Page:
• Global share markets have fallen into a bear market, but whether this turns out to be long or short depends on how long the hit to the economy from coronavirus lasts.
  • There are big differences between the current disruption to economic activity – which could be very deep in the short term – and past recessions and depressions.

16/1/2020 –  click on market updates to find out the latest market information

Oliver’s Insights  – Seasonal patterns in share markets. (6/5/2019)

The key points are as follows:

  • Seasonal patterns typically see shares do well from around November to May and not so well from May to November. This partly reflects a combination of tax loss selling in the US, new year cheer and the pattern of capital raising through the year.
  • While we see shares doing well this year, right now they are vulnerable to a short-term pull back after strong gains since December. Renewed trade fears obviously don’t help.


What is Diversification?

Diversification is the practise risk management technique where the overall risk is reduced by investing across a wide variety of investments and asset classes within a portfolio – “not sticking all your eggs in one basket”.  The rationale behind Diversification contends that such portfolio will, on average, yield higher returns and pose a lower risk than any individual investment found within the portfolio.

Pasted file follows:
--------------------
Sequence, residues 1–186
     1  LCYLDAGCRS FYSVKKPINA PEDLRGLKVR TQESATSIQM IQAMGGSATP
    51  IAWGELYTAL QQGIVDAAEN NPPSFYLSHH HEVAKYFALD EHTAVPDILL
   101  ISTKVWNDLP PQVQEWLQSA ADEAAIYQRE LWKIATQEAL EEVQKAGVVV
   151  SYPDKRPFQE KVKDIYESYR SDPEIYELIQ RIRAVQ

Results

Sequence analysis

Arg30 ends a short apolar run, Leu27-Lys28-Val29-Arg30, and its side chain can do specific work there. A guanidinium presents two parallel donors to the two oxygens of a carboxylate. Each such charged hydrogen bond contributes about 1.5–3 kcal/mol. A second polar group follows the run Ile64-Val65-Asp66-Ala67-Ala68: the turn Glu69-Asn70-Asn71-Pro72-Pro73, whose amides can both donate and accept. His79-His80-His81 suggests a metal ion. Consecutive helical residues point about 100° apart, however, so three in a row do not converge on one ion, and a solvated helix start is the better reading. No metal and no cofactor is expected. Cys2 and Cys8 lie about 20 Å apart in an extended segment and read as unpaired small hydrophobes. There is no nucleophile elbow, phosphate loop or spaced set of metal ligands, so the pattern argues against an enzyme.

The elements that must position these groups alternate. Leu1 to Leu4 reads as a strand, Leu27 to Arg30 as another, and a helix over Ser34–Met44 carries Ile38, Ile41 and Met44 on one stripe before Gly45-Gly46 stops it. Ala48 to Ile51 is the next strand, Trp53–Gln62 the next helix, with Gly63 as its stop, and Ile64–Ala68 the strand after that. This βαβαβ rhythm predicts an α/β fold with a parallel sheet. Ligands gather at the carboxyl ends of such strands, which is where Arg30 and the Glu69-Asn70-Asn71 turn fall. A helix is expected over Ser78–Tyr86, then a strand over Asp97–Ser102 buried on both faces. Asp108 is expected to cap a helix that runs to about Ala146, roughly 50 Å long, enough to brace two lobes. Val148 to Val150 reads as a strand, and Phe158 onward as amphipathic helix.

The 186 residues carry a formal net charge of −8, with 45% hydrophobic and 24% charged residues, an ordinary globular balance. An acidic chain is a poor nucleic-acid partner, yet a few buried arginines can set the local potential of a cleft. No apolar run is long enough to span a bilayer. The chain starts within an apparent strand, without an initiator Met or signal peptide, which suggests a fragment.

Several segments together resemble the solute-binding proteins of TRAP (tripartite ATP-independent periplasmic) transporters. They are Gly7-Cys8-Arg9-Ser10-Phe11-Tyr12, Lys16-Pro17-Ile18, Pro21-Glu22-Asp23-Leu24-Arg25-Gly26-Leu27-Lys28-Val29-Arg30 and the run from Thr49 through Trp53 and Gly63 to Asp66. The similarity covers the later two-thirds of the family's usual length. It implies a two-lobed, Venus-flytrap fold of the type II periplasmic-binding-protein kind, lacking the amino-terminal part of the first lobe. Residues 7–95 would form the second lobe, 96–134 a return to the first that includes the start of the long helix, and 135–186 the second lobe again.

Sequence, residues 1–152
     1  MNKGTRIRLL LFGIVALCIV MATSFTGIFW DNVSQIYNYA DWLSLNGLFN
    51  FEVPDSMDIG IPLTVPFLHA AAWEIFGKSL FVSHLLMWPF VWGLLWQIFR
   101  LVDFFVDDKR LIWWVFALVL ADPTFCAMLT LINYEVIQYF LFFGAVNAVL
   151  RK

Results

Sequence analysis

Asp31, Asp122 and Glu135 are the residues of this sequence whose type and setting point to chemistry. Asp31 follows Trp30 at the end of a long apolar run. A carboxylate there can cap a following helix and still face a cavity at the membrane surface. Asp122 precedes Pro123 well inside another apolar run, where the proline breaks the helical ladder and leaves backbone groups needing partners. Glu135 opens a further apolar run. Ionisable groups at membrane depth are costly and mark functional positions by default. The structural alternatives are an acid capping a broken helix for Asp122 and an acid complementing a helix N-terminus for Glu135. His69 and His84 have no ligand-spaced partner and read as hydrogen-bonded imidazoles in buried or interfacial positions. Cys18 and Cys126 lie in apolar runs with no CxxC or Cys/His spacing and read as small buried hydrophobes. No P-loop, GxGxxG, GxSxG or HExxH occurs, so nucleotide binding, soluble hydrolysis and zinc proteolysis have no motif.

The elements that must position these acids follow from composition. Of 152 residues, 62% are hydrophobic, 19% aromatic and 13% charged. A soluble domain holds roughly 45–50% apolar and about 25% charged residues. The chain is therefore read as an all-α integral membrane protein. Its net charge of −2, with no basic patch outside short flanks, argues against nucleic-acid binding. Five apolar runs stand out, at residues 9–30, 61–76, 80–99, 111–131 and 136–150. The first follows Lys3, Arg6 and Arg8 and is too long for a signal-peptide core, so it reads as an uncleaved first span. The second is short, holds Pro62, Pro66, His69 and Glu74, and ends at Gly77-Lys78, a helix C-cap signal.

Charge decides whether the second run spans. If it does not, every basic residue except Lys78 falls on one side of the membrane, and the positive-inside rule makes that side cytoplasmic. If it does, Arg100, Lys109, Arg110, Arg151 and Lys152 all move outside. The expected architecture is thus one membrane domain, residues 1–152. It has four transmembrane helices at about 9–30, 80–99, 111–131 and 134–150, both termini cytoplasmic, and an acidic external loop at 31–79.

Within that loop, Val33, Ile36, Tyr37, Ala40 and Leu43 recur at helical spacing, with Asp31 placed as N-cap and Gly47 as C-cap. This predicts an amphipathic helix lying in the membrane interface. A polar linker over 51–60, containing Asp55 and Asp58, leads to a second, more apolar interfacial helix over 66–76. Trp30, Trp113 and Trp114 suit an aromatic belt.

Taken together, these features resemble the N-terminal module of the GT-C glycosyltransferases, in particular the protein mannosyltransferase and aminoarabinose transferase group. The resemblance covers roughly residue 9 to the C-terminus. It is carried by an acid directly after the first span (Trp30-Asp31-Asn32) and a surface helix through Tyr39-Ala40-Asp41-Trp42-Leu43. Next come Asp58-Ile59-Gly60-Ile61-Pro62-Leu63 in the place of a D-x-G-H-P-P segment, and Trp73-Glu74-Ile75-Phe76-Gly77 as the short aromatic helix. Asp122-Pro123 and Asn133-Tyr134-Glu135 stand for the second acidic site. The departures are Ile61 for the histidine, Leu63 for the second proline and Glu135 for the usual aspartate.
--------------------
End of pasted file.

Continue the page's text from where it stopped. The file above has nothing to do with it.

Types of Diversification

There are three main ways of diversifying:

  1. Spreading your portfolio across various different asset classes as detailed above
  2. Using fund managers to spread your risk
  3. Investing in Australia, as well as global markets

Asset Classes

What are the five main Asset Classes?

Includes bank deposits,term deposits, savings and cheque accounts and cash management trusts. These short-term investments are suitable to investors who have a low tolerance to risk. Cash provides a stable and low risk income, usually equally in the form of regular interest payments.

Generally refers to government bonds, corporate bonds, mortages and hybrid securities. Fixed-interests can be more volatile than cash

Property is a direct investment in residential, industrial and commercial property and can also include indirect investment in listed property vehicles on the Australian share market. Moderate to high rate of return.

Generally includes shares held in publicly listed companies and listed on the Australian stock exchange. Returns are through dividend distribution and capital growth. These shares may experience volatility over the short to medium term, but the returns may be potentially higher.